From IMDb's news page today:
Blockbuster May Be on the Verge of Bankruptcy
Blockbuster released its most dismal quarterly report ever on Tuesday, so dismal that it even included a warning that it may be forced to seek bankruptcy protection. The company reported a loss of $491 million during the quarter, most of it due to a write-down related to its spin-off from former parent Viacom. In-store business, it said, continued to be down due to the elimination of late fees, and online business remained flat as the company was unable to attract more than a fraction of Netflix's subscriber base. The company said that it plans to reduce marketing costs and sell or shutter its smaller rental chains, Movie Trading, Video King and Mr. Movies.
I quit renting from Blockbuster way the heck back in 1989, before many of you may well have been born, for several reasons. Not the least of these was its self-serving hypocrisy. Here was this video chain that loved to masquerade as "your family video store," boasting about its refusal to carry "controversial" movies like Scorsese's The Last Temptation of Christ, when all along its motives for doing so were all about pandering to the fears and prejudices of what they saw as being the most important customer base/revenue stream, moreso than any honest concern for "morality" or "decency." And anyway, their "family store" self-image never gave them any cause not to carry the most gory, violent, exploitive and misogynist no-budget horror films or Skinemax tease-sleaze "thrillers".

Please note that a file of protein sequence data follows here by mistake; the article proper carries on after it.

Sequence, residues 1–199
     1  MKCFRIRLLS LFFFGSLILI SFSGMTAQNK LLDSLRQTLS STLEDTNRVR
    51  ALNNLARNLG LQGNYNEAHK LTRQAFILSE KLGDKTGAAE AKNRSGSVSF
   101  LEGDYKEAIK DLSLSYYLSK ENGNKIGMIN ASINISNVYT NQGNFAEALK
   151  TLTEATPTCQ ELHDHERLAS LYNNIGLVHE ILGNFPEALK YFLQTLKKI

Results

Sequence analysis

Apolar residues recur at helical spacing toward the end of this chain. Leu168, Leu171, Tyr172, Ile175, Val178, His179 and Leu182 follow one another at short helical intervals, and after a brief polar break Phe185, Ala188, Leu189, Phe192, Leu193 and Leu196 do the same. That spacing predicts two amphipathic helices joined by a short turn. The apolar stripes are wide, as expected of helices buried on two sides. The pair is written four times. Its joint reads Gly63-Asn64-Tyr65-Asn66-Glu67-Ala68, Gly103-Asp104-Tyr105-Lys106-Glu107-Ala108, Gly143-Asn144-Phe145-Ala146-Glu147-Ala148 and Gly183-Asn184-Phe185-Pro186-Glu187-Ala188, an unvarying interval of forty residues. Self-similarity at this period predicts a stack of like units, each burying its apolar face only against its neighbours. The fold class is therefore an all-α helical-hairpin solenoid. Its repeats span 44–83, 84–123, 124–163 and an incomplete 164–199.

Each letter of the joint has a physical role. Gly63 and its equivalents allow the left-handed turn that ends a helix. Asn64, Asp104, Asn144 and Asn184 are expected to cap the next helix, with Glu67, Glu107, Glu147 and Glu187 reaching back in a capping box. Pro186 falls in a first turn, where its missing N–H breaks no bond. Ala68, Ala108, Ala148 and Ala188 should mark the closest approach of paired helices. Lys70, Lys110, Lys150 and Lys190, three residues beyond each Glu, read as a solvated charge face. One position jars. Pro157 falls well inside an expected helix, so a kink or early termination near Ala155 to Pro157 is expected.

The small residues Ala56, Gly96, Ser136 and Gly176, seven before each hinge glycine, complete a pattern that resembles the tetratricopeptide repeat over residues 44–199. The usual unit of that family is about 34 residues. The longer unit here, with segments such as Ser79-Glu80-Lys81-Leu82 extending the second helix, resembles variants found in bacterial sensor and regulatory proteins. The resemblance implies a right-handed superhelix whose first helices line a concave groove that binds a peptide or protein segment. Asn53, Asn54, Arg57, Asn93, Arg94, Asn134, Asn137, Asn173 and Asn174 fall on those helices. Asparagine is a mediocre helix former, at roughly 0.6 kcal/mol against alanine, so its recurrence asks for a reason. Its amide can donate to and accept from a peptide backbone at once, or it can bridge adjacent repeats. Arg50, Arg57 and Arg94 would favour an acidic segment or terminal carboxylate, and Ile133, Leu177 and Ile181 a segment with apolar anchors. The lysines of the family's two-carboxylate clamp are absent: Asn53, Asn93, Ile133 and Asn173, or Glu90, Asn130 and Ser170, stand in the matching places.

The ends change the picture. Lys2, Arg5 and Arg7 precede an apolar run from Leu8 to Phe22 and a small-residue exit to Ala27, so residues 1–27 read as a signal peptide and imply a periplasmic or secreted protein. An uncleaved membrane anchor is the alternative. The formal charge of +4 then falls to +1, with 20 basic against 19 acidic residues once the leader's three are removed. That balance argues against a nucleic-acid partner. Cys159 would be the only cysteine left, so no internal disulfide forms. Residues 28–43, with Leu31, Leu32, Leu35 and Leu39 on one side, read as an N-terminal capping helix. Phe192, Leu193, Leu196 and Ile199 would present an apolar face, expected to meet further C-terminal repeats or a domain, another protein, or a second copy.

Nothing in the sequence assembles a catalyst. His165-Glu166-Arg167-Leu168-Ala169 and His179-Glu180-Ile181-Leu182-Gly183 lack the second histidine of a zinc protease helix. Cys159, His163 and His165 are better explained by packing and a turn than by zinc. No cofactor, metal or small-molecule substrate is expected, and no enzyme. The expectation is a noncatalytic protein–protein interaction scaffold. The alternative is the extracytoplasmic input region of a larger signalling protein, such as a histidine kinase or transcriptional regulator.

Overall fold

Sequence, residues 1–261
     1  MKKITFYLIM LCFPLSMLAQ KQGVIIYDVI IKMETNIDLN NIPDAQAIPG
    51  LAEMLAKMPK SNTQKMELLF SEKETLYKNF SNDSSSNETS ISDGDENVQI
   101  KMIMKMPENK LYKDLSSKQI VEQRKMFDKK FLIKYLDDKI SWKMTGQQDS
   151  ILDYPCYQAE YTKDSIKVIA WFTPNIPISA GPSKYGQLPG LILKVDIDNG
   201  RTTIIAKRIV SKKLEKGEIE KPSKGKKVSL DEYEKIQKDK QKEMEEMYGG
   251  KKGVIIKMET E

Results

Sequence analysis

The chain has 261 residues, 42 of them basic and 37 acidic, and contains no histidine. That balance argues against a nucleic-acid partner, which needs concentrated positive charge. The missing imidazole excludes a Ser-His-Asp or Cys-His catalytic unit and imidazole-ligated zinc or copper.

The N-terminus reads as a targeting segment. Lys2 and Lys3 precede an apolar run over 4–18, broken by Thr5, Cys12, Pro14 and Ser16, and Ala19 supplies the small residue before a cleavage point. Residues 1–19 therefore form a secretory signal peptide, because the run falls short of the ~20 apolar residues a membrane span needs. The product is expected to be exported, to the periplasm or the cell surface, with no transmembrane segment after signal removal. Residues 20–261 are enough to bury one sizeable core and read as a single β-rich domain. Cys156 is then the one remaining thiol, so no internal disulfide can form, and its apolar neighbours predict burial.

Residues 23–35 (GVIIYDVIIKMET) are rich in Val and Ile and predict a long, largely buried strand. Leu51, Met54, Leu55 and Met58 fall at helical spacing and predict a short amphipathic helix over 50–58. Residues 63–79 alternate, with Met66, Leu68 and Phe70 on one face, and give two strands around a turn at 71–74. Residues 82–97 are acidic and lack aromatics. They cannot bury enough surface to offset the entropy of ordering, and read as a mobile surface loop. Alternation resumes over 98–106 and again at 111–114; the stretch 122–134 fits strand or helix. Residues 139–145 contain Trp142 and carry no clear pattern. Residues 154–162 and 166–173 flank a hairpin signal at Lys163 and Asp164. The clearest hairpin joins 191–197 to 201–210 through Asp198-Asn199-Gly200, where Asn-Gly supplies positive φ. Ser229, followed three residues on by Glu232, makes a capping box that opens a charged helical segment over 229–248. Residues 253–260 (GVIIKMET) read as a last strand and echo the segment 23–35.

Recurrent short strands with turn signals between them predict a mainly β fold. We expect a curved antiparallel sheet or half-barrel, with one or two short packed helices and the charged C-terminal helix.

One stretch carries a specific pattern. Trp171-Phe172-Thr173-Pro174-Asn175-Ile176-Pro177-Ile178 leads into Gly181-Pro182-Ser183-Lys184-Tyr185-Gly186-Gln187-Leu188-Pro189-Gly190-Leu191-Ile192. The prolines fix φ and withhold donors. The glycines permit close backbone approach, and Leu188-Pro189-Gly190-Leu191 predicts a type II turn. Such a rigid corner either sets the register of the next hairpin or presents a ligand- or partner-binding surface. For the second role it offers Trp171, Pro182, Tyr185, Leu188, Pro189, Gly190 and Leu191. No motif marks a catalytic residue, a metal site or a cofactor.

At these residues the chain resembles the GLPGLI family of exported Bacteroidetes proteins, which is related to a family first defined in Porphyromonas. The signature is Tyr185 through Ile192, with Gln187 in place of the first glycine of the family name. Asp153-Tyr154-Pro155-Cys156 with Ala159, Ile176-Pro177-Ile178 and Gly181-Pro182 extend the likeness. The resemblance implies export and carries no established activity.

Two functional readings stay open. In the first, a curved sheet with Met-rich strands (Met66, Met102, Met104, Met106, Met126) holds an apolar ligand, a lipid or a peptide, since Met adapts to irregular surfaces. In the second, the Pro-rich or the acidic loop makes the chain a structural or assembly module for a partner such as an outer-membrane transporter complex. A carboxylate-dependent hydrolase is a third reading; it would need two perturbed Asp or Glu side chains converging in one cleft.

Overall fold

The same dishonesty carried over into their rejection of NC-17 titles. The MPAA, not any filmmaker's best friend by any stretch of the imagination, genuinely tried to create a respectable adult rating for movies with the NC-17. But Blockbuster quickly realized a precept also adopted years later by the likes of Karl Rove and the extreme right: you can't lose money by exploiting ignorance and fear. So immediately, out went the press releases decrying the NC-17 as an evil conspiracy by liberal (read: Jewish) Hollywood moguls to sneak filthy porn into the lilywhite homes of upstanding American Christians. And you won't find any of that filth at your family video store, moms and dads! Pow — the NC-17 was killed before it ever had a chance. Before long, Blockbuster was all but dictating to Hollywood how to make its films. When they were the top dogs in home video, no light ever turned green without a careful consideration of how well the rentals at Blockbuster would do, and how to make the kinds of movies they'd carry, and how to package those movies to please them. A video chain was setting the rules of how filmmakers got to make films!
It's offensive enough to me, as a consumer (much less a filmmaker), for a business to cast itself in the role of My Mommy. It's doubly offensive when their reasons for doing so aren't that they give a damn about films, or even about me, but simply the contents of my wallet.
The very last time I was in a Blockbuster, I was agog that on the in-store monitors, they weren't showing a movie, nor even trailers for movies. They were showing ads for Blockbuster! They already had me in the store, and yet they still felt like they had to bombard me nonstop with their own advertising. Looking for a movie to rent tonight? No, no! You want two or three... Shameless.
Die, Blockbuster, die. I look forward to dancing on your grave.